7 recipes for green bean casserole for Thanksgiving

From the classic Campbell's Soup recipe to fresher alternatives that feature no mushrooms, here are seven ways to prepare green beans for your holiday table.

6. Green bean casserole with tarragon and hazelnuts

The Runaway Spoon
This variation of green bean casserole uses fresh herbs and hazelnuts for a more sophisticated flavor in a favorite Thanksgiving dish.

By Perre Coleman MagnessThe Runaway Spoon

Serves 8, this recipe can easily double

2 pounds fresh green beans, trimmed
1/4 cup butter
4 shallots, halved and sliced into thin half moons
2 cloves garlic, finely minced
1/2 cup chopped hazelnuts
3 teaspoons chopped fresh tarragon
zest and juice of one lemon
1/4 cup mayonnaise
1/4 cup heavy cream
6 ounces Gruyere, grated
Salt and pepper to taste

1. Preheat the oven to 350 degrees F. Butter a 8- by 8-inch baking dish.

2. Cut the trimmed green beans into roughly one inch pieces. Bring a large skillet of water to a boil and drop in the beans. Boil for about a minute, just until the bright color of the beans comes out. Drain the beans and plunge into cold water to cool. Drain again.

3. Wipe out the skillet and melt the butter over medium-high heat. Add the shallot strands and cook, stirring frequently, until the shallot is soft and just beginning to turn a pale caramel brown, about 4 minutes. Add the hazelnuts, stir and cook for about 2 minutes, then stir in the garlic and cook for a further minute. Do not let the garlic brown. Remove the pan from the heat and stir in the green beans, tarragon, the lemon zest and 2 tablespoons lemon juice until everything is evenly distributed. Set aside to cool.

4. Mix the mayonnaise and cream together in small bowl, then add it to the green beans, stirring to coat well. Spread a layer of beans in the baking dish, sprinkle over half the cheese, then layer the remaining beans and cheese.

5. Cover the dish with foil and bake for 20 minutes. Remove the foil and bake a further 10 minutes. Serve immediately.Note: The casserole can prepared several hours before baking and kept covered in the refrigerator.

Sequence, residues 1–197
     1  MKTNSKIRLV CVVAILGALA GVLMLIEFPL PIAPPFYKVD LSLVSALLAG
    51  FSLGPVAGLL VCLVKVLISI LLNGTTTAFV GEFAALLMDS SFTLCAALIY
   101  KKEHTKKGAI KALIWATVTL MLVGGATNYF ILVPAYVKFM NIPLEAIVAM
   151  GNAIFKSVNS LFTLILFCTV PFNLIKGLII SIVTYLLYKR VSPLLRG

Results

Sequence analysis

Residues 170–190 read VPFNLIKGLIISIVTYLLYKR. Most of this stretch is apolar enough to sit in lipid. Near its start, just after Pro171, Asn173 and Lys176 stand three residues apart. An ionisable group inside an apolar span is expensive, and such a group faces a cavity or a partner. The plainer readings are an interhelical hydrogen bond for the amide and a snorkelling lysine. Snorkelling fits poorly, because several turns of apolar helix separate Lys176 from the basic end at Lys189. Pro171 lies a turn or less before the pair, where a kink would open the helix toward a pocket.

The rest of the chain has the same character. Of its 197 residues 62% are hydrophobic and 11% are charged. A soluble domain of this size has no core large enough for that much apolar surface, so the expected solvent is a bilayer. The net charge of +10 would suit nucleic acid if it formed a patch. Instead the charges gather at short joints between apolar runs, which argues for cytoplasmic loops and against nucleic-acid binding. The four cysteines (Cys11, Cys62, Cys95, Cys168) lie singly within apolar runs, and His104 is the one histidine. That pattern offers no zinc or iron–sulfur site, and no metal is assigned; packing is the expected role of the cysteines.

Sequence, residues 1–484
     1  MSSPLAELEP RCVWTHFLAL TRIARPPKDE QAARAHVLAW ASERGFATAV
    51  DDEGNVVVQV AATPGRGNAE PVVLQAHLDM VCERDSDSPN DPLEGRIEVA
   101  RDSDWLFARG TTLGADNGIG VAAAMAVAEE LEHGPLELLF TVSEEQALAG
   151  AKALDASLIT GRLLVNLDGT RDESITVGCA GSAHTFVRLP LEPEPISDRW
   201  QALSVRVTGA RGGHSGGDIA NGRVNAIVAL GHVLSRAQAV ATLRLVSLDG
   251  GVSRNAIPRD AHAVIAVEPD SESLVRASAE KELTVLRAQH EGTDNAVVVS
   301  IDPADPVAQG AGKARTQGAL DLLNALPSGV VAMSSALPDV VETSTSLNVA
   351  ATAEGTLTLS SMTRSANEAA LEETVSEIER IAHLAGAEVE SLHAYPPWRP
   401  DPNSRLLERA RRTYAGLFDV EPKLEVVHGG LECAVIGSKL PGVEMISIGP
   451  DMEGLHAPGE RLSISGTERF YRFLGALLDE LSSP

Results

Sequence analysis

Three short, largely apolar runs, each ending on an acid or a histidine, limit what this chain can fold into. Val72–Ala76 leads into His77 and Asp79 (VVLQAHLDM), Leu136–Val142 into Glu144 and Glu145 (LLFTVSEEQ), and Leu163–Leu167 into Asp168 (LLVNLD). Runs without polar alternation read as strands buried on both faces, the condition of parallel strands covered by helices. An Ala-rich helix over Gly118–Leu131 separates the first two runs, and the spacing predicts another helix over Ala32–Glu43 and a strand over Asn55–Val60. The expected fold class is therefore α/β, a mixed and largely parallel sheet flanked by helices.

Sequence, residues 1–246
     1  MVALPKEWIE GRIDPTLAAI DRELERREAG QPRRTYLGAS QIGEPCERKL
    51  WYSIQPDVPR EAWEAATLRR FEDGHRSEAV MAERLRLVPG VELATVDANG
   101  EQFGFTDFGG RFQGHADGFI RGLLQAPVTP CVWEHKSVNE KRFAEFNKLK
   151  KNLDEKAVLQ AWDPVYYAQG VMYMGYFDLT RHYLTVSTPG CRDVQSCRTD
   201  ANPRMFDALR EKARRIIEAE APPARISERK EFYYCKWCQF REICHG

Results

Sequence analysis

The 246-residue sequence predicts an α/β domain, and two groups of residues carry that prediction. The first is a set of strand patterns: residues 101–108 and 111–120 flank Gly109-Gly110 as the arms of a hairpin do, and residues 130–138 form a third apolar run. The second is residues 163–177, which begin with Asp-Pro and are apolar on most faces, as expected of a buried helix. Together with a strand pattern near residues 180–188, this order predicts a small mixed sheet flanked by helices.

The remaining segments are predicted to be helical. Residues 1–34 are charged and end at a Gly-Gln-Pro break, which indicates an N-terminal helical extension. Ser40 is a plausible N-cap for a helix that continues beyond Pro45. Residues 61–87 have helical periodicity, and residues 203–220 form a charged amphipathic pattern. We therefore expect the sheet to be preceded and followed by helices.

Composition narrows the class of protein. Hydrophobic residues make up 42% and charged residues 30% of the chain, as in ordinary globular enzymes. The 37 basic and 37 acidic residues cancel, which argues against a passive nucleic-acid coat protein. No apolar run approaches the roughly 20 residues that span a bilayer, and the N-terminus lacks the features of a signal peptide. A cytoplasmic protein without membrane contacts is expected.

Read the full post on Stir It Up!

6 of 7

Dear Reader,

About a year ago, I happened upon this statement about the Monitor in the Harvard Business Review – under the charming heading of “do things that don’t interest you”:

“Many things that end up” being meaningful, writes social scientist Joseph Grenny, “have come from conference workshops, articles, or online videos that began as a chore and ended with an insight. My work in Kenya, for example, was heavily influenced by a Christian Science Monitor article I had forced myself to read 10 years earlier. Sometimes, we call things ‘boring’ simply because they lie outside the box we are currently in.”

If you were to come up with a punchline to a joke about the Monitor, that would probably be it. We’re seen as being global, fair, insightful, and perhaps a bit too earnest. We’re the bran muffin of journalism.

But you know what? We change lives. And I’m going to argue that we change lives precisely because we force open that too-small box that most human beings think they live in.

The Monitor is a peculiar little publication that’s hard for the world to figure out. We’re run by a church, but we’re not only for church members and we’re not about converting people. We’re known as being fair even as the world becomes as polarized as at any time since the newspaper’s founding in 1908.

We have a mission beyond circulation, we want to bridge divides. We’re about kicking down the door of thought everywhere and saying, “You are bigger and more capable than you realize. And we can prove it.”

If you’re looking for bran muffin journalism, you can subscribe to the Monitor for $15. You’ll get the Monitor Weekly magazine, the Monitor Daily email, and unlimited access to CSMonitor.com.

You've read  of  free articles. Subscribe to continue.